US military veterans are entitled to have their headstones engraved by the government with a symbol of their religion. Families of the deceased may choose from emblems representing a variety of 18 Christian churches, a number of Buddhist sects, Judaism, Islam, Sikhism, Hinduism and atheism (represented by an atom with an A inside) -- 38 symbols in all.
But the Wiccan pentacle is not allowed because the Department of Veterans Affairs has neither approved nor disallowed it despite various petitions over the last nine years.
On Friday, three Wiccan families and two Wiccan churches sued to force the department to include their symbol -- a five-pointed star inside a circle -- on the list of approved emblems.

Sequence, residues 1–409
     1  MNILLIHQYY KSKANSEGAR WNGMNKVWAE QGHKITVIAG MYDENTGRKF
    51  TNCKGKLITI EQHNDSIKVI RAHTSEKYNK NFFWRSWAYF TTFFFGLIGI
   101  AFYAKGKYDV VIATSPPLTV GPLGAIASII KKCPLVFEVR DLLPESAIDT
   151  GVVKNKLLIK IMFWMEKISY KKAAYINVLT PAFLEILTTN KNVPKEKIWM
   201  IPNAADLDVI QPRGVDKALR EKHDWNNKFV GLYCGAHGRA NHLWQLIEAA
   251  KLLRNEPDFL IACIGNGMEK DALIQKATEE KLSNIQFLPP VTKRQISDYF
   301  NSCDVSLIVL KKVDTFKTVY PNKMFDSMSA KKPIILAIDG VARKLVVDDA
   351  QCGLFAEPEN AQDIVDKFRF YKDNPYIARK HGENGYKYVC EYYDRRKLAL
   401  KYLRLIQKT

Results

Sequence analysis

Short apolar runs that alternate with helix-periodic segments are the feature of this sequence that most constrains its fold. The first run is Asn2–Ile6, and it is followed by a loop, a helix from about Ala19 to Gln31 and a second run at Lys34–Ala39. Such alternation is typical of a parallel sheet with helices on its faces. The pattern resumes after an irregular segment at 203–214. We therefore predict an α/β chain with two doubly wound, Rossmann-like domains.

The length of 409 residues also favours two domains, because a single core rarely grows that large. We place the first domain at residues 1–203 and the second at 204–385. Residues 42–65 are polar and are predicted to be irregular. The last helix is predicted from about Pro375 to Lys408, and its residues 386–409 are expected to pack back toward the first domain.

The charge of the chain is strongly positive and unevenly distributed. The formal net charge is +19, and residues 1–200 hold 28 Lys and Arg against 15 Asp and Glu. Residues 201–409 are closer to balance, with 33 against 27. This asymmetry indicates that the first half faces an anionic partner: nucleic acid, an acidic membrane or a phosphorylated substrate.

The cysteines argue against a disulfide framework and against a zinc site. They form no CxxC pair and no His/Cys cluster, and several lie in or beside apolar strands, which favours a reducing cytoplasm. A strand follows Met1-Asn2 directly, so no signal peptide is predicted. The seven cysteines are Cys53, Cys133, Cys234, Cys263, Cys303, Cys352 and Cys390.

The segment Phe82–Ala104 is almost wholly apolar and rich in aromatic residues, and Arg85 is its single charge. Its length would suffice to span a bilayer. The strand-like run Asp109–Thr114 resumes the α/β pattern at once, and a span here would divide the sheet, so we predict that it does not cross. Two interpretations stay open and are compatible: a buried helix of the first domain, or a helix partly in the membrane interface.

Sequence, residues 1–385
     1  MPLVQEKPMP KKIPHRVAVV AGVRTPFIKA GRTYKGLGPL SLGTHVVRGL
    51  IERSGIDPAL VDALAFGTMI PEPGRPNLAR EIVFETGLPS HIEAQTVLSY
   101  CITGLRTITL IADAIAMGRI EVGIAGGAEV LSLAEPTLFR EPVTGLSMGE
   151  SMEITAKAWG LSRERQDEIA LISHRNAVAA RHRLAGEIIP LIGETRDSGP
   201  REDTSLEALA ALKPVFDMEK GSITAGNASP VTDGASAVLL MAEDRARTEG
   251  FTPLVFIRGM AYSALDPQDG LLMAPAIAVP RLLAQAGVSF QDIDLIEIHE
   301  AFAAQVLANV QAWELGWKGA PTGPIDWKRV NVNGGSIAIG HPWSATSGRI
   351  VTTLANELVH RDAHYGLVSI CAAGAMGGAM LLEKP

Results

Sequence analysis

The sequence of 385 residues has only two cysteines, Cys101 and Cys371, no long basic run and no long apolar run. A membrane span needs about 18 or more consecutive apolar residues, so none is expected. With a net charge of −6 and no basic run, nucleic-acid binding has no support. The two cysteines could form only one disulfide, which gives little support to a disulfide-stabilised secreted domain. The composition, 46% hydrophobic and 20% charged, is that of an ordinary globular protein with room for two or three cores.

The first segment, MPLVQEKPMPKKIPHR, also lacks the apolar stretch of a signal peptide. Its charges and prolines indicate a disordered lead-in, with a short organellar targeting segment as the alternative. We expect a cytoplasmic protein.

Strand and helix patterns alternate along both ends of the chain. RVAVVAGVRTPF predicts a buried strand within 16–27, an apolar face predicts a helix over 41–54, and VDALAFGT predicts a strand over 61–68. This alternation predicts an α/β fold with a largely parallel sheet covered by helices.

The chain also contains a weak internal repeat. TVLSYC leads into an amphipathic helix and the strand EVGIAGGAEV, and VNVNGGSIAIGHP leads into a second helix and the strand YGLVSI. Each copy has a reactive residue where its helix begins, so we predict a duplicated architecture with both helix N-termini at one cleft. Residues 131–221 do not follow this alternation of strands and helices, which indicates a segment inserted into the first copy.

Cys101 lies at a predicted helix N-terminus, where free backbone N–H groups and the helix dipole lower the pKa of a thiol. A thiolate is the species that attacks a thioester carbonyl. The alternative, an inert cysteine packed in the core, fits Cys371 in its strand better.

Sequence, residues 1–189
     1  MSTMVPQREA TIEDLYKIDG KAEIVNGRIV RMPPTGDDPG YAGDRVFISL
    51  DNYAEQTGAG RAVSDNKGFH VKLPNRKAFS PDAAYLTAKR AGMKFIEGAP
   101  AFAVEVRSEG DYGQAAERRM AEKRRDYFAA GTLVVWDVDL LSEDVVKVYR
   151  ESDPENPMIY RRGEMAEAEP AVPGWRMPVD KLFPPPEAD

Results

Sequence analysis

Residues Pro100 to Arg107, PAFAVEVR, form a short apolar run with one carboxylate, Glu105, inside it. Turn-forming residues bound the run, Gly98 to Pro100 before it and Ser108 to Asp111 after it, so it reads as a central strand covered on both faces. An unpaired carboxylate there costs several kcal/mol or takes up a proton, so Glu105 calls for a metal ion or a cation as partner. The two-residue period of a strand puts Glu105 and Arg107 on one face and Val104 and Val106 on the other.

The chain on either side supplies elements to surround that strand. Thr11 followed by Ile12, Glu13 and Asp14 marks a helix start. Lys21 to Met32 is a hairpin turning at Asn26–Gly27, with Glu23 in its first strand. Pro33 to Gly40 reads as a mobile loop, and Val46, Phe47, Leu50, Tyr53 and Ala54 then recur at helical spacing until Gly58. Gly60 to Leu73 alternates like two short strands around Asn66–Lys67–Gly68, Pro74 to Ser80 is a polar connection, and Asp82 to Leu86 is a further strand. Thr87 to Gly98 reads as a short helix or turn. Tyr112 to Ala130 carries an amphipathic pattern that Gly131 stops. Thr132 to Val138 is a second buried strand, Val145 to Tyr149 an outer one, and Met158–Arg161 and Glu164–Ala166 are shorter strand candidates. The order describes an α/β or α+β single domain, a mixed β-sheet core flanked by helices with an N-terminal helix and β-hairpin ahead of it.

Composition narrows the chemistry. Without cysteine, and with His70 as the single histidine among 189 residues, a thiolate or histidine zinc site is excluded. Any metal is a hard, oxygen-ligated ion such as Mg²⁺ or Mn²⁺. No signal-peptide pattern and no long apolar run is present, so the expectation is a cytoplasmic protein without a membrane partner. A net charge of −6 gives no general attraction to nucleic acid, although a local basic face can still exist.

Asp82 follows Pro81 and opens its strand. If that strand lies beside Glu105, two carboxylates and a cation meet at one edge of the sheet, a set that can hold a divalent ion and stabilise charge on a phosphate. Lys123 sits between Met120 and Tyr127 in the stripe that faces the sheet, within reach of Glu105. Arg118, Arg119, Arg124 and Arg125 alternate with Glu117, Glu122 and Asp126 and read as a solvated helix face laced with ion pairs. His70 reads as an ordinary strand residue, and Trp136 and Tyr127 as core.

Wiccans, also called pagans, are often wrongly confused with Satanists. Theirs is a nature-based religion recognized by the Internal Revenue Service, by the US military itself in its chaplains' handbooks and on the dog tags that troops are required to wear around their necks. There are an increasing number of Wiccans in the armed forces -- about 1,800, according to a Pentagon survey cited in the suit.
The American Civil Liberties Union, representing the plaintiffs, brought the action in the US Court of Appeals for Veterans Claims in Washington. A spokesman for the VA did not respond to requests for an interview.
In the years that Wiccans have been petitioning, the department has approved emblems for at least six groups, including the obscure Izumo Taishakyo Mission of Hawaii.
Kathleen Egbert, a Wiccan priestess in Laurel, Maryland, is among the plaintiffs. Her father, Abraham Kooiman, fought in World War II and received a Bronze Star and a Purple Heart. He died in 2001 at age 77 and was buried in Arlington National Cemetery, a Wiccan without a symbol on his headstone.
"I'm angry," Egbert said, "because if pagans can fight and die for our country, we should be recognized by our country the same way anyone else would be."